The State Senate should return to Albany immediately and take a vote to keep speed cameras operating on New York City streets, Gov. Andrew Cuomo said during an appearance in Dyker Heights on Friday, July 13.
The State Legislature is on summer break and is currently not in session.
That doesn’t matter, according to the governor, who implored the Republican-controlled state senate to return to the State Capitol take care of the unfinished business of speed cameras.
“They have to go back and pass a speed camera bill. It’s all up to the Republican Senate. It comes down to a simple question of leadership,” Cuomo said.
The Democratic governor came to the Sirico Catering Hall on 13th Avenue primarily to discuss abortion rights but also discussed the issue of speed cameras.
There are currently 140 speed cameras in school zones around the city. The devices were put in place under a pilot program authorized by the legislature 2013. But the pilot program was meant to last only five years. It expires on July 25. If no action is taken by the state senate, the cameras will be turned off.
The Democratic-dominated State Assembly passed a bill authorizing the extension of the program to 2022. The senate, however, did not take a vote. “They refused to vote for it when they left,” Cuomo said.
The mounted cameras snap photos of the license plate of a speeding vehicle. The state then sends a summons in the mail to the vehicle’s owner.
The cameras act as an important deterrent to speeding because they hit drivers where it hurts, in the wallet, according to transportation safety advocates, who said incidents of speeding have decreased by 63 percent in areas that have the cameras.
Concerns have been raised, however, by some who oppose expanding the speed camera program. They charge that the cameras are part of a money grab that has the potential of raising money for the city.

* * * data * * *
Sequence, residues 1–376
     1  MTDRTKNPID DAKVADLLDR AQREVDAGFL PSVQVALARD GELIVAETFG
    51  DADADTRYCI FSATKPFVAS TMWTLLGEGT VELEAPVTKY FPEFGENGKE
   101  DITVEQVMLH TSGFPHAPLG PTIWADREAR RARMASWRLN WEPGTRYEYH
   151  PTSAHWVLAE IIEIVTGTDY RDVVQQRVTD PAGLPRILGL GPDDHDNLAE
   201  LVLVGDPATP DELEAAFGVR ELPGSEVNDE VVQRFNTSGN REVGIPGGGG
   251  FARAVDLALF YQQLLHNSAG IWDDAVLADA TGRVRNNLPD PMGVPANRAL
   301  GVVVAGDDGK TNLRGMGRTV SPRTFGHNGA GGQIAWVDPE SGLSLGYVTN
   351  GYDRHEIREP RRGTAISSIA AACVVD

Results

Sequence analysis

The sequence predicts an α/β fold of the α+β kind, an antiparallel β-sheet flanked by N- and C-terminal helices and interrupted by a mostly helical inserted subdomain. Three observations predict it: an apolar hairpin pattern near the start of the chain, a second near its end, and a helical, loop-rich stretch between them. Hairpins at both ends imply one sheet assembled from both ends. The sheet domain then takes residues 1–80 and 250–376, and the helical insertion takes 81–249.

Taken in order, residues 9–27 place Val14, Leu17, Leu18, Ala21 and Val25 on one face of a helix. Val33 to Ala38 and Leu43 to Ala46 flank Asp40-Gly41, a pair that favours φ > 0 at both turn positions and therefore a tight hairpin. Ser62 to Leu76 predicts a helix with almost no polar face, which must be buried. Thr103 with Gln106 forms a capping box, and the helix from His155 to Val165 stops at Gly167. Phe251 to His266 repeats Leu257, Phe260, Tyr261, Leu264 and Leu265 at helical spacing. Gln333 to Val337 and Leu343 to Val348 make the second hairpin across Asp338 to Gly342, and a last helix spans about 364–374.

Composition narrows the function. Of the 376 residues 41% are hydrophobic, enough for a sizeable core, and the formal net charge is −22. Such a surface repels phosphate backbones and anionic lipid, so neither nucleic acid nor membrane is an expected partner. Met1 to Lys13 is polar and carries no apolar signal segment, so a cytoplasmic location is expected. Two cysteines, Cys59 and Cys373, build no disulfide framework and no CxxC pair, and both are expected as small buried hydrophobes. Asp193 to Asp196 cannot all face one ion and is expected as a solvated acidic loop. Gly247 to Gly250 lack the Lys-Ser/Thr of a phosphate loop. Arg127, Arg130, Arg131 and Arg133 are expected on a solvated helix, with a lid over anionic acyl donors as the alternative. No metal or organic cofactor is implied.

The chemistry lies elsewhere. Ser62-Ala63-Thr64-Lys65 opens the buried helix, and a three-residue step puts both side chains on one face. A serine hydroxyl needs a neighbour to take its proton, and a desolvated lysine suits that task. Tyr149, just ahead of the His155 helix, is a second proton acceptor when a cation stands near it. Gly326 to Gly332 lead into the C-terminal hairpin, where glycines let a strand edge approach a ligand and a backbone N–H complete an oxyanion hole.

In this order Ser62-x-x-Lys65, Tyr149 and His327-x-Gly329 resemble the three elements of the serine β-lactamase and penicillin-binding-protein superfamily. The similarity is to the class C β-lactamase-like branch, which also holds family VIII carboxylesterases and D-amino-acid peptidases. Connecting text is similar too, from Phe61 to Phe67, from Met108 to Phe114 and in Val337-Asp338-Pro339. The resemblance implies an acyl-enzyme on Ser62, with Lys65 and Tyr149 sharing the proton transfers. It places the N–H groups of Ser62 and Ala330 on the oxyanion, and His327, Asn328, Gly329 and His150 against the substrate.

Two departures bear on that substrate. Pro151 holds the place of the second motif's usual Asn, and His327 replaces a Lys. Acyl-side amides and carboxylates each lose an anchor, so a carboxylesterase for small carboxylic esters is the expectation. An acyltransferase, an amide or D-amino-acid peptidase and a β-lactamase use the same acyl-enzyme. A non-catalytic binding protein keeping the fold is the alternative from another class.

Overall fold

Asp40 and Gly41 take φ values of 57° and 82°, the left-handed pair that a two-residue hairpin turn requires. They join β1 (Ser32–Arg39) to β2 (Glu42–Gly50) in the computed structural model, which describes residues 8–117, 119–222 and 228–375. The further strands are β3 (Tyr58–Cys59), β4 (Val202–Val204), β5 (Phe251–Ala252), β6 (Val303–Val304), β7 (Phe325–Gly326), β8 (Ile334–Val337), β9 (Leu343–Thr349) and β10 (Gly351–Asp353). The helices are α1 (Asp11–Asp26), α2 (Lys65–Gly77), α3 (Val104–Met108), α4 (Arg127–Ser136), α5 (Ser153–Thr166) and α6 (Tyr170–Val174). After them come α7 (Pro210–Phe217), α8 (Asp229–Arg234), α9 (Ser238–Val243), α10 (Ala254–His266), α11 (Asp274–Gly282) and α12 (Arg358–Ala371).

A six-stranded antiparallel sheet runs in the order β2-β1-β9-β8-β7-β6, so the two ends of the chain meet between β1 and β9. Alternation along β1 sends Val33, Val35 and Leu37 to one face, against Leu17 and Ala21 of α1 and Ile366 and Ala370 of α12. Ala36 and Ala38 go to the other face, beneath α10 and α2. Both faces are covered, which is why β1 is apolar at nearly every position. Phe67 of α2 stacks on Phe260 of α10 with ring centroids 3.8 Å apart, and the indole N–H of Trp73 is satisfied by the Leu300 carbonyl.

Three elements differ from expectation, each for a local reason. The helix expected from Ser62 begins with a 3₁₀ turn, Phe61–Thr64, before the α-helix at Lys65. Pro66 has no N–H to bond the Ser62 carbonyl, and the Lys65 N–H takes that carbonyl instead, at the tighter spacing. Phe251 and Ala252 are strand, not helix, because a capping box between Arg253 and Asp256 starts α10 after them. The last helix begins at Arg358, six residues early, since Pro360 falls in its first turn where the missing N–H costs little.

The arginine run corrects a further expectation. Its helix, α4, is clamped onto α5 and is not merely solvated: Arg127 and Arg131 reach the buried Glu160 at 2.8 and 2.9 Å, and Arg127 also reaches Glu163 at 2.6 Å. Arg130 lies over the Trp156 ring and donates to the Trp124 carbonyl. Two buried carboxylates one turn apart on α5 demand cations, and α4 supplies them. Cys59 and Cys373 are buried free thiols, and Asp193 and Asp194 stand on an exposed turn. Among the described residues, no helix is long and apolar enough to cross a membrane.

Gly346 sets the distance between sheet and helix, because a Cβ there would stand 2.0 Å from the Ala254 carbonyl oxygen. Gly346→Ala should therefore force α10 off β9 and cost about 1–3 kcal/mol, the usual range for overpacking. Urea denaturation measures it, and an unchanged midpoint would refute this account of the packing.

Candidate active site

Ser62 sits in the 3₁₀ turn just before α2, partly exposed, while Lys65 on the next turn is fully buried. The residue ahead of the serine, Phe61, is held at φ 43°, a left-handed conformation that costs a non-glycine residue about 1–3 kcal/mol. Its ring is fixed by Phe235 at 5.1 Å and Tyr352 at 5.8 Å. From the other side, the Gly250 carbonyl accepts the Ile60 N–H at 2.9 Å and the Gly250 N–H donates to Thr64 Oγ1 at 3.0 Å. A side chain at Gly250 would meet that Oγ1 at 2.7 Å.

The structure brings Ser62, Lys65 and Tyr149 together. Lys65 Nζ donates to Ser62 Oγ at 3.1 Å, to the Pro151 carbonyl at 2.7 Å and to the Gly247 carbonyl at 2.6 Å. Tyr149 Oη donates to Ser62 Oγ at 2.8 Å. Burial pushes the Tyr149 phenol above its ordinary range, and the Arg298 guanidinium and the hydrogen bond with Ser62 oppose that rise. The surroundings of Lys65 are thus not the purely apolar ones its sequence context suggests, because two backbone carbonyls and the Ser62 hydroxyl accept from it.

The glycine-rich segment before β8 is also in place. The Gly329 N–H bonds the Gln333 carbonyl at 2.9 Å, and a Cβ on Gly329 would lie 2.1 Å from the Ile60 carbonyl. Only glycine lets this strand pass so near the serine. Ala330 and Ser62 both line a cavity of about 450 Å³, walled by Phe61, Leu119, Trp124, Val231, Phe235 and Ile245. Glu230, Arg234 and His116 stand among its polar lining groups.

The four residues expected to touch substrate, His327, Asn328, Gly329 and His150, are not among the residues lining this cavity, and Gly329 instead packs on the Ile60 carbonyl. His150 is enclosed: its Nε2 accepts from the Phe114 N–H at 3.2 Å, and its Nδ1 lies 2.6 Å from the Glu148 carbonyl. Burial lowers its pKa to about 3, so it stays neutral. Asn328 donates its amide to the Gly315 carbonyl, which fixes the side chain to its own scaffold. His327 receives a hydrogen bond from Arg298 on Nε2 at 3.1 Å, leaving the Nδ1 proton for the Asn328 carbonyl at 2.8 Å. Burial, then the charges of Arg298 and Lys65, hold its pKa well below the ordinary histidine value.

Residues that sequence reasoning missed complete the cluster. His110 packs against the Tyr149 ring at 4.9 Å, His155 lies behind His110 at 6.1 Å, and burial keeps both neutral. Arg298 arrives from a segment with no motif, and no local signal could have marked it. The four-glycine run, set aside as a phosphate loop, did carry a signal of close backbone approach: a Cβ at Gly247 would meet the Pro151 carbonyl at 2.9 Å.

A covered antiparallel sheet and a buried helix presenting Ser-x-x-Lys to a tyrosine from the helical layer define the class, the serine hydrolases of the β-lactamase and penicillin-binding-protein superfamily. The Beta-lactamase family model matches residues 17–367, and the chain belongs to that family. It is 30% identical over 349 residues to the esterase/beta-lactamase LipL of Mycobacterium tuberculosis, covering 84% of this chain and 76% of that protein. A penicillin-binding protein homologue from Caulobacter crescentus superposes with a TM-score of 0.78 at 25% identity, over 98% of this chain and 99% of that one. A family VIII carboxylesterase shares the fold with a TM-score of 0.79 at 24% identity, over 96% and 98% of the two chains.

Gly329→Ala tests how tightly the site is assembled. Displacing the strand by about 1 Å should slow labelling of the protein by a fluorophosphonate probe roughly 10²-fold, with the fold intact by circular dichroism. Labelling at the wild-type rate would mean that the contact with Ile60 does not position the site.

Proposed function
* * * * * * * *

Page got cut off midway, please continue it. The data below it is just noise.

Cuomo said it’s a matter of public safety.
“God forbid there is an accident and a young person is hurt or killed,” the governor said.
Cuomo insisted that the issue is in the hands of the senate. He does not have to call the senate into special session, he said. It’s up to the Republicans to make the decision to return to Albany to take a vote, he said.
Earlier in the week, state Sen. Marty Golden (R-Bay Ridge-Southwest Brooklyn), an influential member of the senate, called on Majority Leader John Flanagan to reconvene the senate and pass a bill to keep the speed cameras operating.
Golden faced increasing pressure from speed camera proponents and transportation safety advocacy groups like Transportation Alternatives and Families for Safe Streets to speak out.
Protesters organized demonstrations outside his district office on Fifth Avenue in Bay Ridge and held press conferences in front of schools and at senior citizens centers to put pressure on him.
“Senator Golden recognizes the importance of the life-saving speed camera program and what it has done to save lives and slow down traffic,” said the senator’s spokesperson, John Quaglione, who added that Golden also believes “anything short of a vote by the Senate before July 25, to support the continuation and expansion of speed cameras throughout New York City, would be an unacceptable failure for the people of New York.”